Try to Give Teachers A Break

Try to Give Teachers A Break

Jason Murillo, Editor-in-Chief

I have seen a rise in disrespect for teachers by students. Mostly minor cases, but some of them have been very bad. I will not deny: I am one of the culprits too. Neither will I try to justify why I have had cases where I was rude to a teacher, because that will not change the fact that I was disrespectful. That applies to all other students who have committed acts of disrespect across the spectrum.

Although this is a common saying, it will not hurt to repeat it: no one else should suffer for your benefit.

When I say disrespectful, though, in most cases, I am not saying insulting a teacher, disobeying their requests, or interrupting their teacher (though, that can be an instance of disrespect). I am talking about complaining that an assignment has not been graded, getting mad at a teacher in front of them for marking a correct answer incorrect, or repeatedly asking for a test or quiz to be graded. These are minor cases, but they add up to a teacher’s stress. They are overloaded with thoughts and think they have much to do. Typically, that stress does not match the workload. Yes, they have to lesson plan, grade tests or essays, grade smaller assignments, have meetings with staff and families about students, worry about supplies, attend professional development, etc. which is indeed stressful. 

Although teachers and students have different jobs, they are really similar in what they have to do. To elaborate, teachers and students both have “homework” and “projects”. We both have to-do lists with tasks with we cross off as we go down the list. Reminding teachers that they have yet to cross something off their to-do lists stresses them out. That stress makes it harder to do their work because of the overwhelming feeling they have when they think of all the work they have to do. Thinking is an action, and science has proved that multitasking is not possible. Seeing all the work you have to do makes you stressed out, which is why people typically attack their tasks one at a time. They will do it when they get to it. If they do not get to it by the end of the quarter, they can get in trouble for that. Do not worry about what your test grade is until they miss the deadline. When that time comes, you can complain to an administrator if it is really that important.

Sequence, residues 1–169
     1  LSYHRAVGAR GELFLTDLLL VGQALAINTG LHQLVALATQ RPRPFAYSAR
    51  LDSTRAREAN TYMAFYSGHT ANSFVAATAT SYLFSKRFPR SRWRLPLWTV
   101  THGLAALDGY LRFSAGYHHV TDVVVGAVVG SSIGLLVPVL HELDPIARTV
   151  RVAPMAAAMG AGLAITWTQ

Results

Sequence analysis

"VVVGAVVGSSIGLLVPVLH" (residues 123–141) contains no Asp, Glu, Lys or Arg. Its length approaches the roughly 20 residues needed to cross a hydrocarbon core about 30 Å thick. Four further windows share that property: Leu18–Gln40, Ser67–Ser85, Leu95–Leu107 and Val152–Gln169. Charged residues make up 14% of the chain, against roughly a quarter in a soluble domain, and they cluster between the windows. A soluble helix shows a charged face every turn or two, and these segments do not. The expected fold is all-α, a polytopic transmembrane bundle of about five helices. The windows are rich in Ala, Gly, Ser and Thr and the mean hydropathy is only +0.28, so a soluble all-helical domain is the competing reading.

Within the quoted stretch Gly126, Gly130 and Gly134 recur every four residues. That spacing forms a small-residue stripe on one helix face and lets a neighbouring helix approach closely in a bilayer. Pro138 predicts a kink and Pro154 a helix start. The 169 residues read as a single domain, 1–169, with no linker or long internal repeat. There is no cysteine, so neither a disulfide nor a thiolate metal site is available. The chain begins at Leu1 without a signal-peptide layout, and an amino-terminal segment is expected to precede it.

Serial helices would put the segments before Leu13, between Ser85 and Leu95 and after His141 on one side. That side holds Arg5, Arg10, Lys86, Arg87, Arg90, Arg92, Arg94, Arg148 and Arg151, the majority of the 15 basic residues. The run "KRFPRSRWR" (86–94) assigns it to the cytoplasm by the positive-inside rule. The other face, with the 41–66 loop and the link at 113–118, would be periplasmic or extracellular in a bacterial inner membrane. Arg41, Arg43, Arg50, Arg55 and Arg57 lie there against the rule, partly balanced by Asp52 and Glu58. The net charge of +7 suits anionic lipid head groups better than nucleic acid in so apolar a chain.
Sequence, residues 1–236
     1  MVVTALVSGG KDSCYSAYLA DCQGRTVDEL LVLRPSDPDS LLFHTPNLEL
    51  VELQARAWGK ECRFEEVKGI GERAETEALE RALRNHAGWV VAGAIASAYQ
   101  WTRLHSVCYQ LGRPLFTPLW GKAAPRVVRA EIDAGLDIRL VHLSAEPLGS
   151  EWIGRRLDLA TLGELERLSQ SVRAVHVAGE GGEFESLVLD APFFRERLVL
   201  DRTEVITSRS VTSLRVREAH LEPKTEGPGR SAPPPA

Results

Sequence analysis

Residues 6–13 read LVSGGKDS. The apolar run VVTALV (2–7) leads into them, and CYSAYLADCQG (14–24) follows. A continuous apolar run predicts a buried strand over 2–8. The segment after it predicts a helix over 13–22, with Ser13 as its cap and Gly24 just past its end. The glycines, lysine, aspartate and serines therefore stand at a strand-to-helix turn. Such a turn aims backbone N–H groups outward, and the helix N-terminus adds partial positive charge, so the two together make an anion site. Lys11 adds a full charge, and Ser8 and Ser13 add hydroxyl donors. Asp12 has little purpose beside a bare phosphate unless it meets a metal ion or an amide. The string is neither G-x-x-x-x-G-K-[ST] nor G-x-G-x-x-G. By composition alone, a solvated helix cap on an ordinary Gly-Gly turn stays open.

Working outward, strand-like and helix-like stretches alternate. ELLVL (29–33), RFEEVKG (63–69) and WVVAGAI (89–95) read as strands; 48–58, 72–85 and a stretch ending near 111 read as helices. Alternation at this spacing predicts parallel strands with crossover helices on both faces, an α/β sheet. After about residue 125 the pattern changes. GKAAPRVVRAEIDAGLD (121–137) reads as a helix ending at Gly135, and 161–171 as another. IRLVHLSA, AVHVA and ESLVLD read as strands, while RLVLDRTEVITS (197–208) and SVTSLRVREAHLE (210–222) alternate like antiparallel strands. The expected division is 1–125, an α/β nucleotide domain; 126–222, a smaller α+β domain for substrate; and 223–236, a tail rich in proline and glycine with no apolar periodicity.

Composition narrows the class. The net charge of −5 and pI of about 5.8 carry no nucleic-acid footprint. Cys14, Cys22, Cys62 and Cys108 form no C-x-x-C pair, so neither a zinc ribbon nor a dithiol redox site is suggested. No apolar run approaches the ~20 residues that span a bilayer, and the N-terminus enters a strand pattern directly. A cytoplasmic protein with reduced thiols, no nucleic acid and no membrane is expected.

Most of the time, stress is beneficial for humans. But unnecessary stress is not helpful to the well-being of a person. By stressing your teacher out, you are damaging their mental and physical health. They may take personal days, they may have to take sick leave because the stress is affecting their body, and their performance in class may decrease too. This does not affect just your teacher, it affects your education and, consequently, you as well. 

For your and your teacher’s sake, try to give your teacher a break.